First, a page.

North / South America
Lafarge taking part in B.C. bio-coal project
Feb, 26 2013
(Burnaby, BC) -- Lafarge Canada is taking part in an effort to develop a commercial demonstration production facility to turn waste biomass to bio-coal.
Burnaby, BC-based Diacarbon Energy, in partnership with Lafarge, Seabird Island First Nations and Jake's Construction will try to become part of a $20 billion global market for bio-coal, thanks to a $1 million dollar investment from Sustainable Development Technology Canada (SDTC). Bio-coal is mechanically and physically equivalent to coal, but is considered carbon-neutral and is produced using waste feedstock and other waste biomass.
"Our Government is doing its part to encourage innovation and the next wave of clean technologies to help protect our environment and create high-quality jobs," said the Honourable Joe Oliver, Canada's Minister of Natural Resources. "Investment in projects such as these demonstrates our leadership in driving a vibrant clean technology industry in Canada."
"Diacarbon Energy is very pleased to receive this investment of $1 million from SDTC and the Government of Canada", said Jerry Ericsson. This investment will allow us to scale up our biofuel project to provide a technological demonstration for the production of bio-coal using a self-sustaining indirect heating approach. Essentially we are working to convert Canada's waste biomass into clean energy on a larger scale - something that will contribute to a healthier environment and Canadian economy".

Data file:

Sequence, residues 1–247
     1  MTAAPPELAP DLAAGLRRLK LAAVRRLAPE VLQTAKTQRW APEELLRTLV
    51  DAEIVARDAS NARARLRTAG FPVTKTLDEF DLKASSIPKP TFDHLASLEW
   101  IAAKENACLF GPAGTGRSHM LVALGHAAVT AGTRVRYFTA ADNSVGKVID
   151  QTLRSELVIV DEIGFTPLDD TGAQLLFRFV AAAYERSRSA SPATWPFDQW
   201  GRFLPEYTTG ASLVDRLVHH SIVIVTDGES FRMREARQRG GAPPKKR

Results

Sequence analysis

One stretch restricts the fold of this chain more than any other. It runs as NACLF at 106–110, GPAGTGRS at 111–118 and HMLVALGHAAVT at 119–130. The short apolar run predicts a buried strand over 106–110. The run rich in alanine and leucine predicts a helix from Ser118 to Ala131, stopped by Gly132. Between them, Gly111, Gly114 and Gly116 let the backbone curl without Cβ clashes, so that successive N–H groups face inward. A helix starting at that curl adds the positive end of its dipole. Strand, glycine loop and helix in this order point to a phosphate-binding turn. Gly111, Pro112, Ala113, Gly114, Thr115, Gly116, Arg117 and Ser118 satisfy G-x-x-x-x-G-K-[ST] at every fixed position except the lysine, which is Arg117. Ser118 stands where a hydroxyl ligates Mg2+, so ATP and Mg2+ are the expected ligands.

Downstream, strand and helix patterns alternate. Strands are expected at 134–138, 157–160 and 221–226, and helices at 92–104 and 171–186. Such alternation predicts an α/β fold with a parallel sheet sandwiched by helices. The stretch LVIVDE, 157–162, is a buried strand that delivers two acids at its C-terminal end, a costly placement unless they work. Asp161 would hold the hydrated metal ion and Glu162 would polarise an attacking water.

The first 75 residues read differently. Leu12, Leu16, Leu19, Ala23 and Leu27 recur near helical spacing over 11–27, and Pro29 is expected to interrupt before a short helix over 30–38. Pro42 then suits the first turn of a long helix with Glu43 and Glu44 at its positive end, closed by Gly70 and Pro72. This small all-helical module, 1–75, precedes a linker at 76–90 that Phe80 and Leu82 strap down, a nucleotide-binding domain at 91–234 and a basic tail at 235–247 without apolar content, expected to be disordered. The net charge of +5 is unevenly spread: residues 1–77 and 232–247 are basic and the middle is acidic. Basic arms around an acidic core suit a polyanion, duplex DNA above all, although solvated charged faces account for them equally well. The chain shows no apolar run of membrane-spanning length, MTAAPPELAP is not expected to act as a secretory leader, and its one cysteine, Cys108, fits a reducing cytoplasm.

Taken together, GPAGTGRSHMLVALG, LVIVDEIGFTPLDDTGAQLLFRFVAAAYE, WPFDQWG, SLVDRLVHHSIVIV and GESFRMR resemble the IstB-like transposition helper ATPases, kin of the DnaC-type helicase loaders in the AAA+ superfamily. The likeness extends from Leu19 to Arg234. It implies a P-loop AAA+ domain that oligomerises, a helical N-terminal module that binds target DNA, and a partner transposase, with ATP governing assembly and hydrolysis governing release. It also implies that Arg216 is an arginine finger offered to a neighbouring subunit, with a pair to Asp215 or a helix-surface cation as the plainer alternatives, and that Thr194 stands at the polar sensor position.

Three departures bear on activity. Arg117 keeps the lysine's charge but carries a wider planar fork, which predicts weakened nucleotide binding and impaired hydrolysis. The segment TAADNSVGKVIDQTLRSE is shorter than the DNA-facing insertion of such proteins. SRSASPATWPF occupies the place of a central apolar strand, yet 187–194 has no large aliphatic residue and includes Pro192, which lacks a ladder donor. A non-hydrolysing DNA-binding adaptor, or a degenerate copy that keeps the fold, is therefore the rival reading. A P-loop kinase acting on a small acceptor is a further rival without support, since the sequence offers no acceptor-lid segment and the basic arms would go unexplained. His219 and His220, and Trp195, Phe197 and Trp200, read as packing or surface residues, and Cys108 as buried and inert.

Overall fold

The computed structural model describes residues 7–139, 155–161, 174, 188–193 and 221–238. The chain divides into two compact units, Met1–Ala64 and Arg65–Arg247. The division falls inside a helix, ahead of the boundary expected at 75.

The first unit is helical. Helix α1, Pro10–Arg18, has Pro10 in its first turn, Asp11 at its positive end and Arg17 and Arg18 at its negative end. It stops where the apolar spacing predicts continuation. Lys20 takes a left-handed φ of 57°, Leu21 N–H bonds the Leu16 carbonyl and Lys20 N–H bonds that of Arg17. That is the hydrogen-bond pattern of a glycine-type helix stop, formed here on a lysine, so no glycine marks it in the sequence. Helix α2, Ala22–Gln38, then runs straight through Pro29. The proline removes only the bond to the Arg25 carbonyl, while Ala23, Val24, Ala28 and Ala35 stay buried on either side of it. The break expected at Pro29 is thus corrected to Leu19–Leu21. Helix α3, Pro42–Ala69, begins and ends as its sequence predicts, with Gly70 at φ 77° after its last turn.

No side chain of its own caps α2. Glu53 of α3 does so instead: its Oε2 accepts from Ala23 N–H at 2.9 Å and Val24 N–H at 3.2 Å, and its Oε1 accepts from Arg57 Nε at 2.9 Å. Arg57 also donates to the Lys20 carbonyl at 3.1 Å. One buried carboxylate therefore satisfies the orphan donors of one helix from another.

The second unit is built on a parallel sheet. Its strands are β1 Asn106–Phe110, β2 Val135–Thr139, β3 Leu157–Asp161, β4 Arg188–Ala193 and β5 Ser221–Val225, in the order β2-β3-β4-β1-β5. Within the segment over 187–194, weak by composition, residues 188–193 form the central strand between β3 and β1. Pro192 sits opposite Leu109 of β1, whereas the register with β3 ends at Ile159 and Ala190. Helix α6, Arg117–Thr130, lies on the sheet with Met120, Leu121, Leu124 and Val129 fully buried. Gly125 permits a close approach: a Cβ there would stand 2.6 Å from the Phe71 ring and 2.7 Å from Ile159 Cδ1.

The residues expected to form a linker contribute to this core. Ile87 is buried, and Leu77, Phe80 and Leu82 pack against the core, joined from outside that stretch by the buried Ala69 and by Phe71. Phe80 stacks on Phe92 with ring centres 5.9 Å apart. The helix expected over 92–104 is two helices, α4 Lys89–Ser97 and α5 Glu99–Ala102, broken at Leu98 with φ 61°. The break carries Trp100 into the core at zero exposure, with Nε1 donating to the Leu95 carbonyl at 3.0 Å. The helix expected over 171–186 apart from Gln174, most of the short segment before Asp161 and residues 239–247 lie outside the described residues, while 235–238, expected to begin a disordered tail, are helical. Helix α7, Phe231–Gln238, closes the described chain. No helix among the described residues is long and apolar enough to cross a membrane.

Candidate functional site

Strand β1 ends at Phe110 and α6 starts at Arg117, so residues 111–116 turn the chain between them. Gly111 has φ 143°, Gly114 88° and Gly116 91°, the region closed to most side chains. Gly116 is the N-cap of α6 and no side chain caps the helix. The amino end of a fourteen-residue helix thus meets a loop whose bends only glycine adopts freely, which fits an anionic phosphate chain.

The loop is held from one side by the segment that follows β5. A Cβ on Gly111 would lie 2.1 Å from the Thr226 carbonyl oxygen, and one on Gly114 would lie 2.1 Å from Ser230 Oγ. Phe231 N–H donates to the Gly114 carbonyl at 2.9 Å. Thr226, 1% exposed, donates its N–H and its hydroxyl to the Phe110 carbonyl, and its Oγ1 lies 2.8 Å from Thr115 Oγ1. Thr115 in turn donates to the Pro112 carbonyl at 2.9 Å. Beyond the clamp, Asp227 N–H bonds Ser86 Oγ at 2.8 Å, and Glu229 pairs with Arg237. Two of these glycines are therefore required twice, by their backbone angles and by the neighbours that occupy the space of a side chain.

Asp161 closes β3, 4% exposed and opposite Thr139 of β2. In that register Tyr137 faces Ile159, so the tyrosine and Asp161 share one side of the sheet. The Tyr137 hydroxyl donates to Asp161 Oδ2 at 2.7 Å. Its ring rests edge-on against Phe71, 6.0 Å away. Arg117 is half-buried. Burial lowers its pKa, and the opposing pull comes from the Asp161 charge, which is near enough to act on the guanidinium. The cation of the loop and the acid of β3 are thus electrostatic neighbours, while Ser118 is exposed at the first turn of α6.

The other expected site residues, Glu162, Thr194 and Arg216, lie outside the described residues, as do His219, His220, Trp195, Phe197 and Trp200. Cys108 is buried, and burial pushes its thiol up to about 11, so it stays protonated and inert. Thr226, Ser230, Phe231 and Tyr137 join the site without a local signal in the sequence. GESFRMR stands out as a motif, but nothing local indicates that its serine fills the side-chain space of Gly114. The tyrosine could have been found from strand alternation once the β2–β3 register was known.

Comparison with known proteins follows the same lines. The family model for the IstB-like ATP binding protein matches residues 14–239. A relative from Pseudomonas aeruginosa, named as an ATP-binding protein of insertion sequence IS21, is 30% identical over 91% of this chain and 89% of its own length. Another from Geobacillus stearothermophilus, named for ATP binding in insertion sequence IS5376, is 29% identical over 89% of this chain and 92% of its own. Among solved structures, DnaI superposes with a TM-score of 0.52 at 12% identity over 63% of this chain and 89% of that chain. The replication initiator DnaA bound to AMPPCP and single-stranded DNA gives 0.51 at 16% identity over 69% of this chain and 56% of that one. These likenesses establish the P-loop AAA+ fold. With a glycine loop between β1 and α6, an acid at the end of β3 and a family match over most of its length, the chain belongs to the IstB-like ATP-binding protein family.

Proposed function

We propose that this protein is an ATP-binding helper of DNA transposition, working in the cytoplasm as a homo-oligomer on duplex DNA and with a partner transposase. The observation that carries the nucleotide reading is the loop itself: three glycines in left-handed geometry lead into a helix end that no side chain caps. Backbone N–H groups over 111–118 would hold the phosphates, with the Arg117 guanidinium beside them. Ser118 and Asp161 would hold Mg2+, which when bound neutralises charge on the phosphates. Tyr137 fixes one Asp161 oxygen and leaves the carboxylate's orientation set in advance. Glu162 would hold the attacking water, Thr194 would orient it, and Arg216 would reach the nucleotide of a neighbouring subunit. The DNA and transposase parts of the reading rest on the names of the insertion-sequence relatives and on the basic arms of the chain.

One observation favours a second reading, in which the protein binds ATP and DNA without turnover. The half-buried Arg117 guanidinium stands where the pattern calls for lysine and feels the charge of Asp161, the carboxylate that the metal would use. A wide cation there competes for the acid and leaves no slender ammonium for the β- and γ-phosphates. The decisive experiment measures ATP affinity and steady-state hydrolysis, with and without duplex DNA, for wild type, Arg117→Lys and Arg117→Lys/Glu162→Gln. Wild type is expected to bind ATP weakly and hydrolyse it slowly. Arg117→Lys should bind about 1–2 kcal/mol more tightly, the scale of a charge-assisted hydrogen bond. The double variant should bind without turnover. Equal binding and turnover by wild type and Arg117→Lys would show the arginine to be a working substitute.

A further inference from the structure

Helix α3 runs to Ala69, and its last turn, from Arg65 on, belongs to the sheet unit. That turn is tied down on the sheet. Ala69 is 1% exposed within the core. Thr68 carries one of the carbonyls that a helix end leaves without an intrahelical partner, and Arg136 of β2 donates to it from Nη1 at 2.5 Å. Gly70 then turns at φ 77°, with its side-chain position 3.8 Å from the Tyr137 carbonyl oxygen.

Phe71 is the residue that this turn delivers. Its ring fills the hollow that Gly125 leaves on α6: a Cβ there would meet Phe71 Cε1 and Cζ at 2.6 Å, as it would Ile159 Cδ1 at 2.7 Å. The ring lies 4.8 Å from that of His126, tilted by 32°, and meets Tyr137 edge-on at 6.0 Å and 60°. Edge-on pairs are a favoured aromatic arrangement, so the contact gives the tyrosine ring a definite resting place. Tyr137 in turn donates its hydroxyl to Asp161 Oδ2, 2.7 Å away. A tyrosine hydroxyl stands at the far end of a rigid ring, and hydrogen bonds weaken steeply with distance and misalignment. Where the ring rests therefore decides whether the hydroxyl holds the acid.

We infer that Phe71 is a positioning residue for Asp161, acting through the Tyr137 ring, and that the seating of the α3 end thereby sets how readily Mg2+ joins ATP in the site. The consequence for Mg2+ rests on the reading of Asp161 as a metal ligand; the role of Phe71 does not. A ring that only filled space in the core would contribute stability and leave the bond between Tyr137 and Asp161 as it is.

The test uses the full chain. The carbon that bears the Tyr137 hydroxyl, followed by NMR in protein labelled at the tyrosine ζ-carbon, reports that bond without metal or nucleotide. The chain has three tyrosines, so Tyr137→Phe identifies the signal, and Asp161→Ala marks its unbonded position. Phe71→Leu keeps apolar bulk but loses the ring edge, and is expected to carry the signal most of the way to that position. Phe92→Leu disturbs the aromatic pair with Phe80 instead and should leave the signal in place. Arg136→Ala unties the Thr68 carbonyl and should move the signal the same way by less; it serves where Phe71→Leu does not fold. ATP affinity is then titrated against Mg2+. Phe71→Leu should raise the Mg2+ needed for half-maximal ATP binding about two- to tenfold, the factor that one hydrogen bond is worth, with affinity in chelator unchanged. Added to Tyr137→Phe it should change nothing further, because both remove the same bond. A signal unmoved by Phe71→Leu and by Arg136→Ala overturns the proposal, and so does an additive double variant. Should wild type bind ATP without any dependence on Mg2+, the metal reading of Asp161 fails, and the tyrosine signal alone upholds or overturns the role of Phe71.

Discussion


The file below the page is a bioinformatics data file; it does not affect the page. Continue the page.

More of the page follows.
"SDTC is proud to add this project to its portfolio, now valued at more than $2 billion. When purchased and used by Canadian industry, the clean technologies developed by portfolio companies will enable a variety of sectors to increase their share of global markets," said Dr. Vicky Sharpe, President and CEO of SDTC. "As Canada works to diversify its export markets, working with new trading partners in emerging countries, these innovative technologies will help make Canadian natural resources and products more globally attractive and competitive."
Diacarbon Energy's thermal biomass refinery (TBR) is a system that uses a thermo-chemical process to convert biomass into bio-coal, bio-oil, and syngas. Bio-coal yields more energy than the wood pellets commonly used as a coal alternative, making it ideal for heat and power producers which include cement facilities, combined heat and power (CHP) and district heating applications as well as coal-fired power generators.
In a split vote Tuesday, the Winona County Board, Minnesota, decided to ask state regulators to require in-depth environmental impact statements for frac sand mines over 40 acres. More
Generation 9 Terex Trucks articulated dump trucks in action. More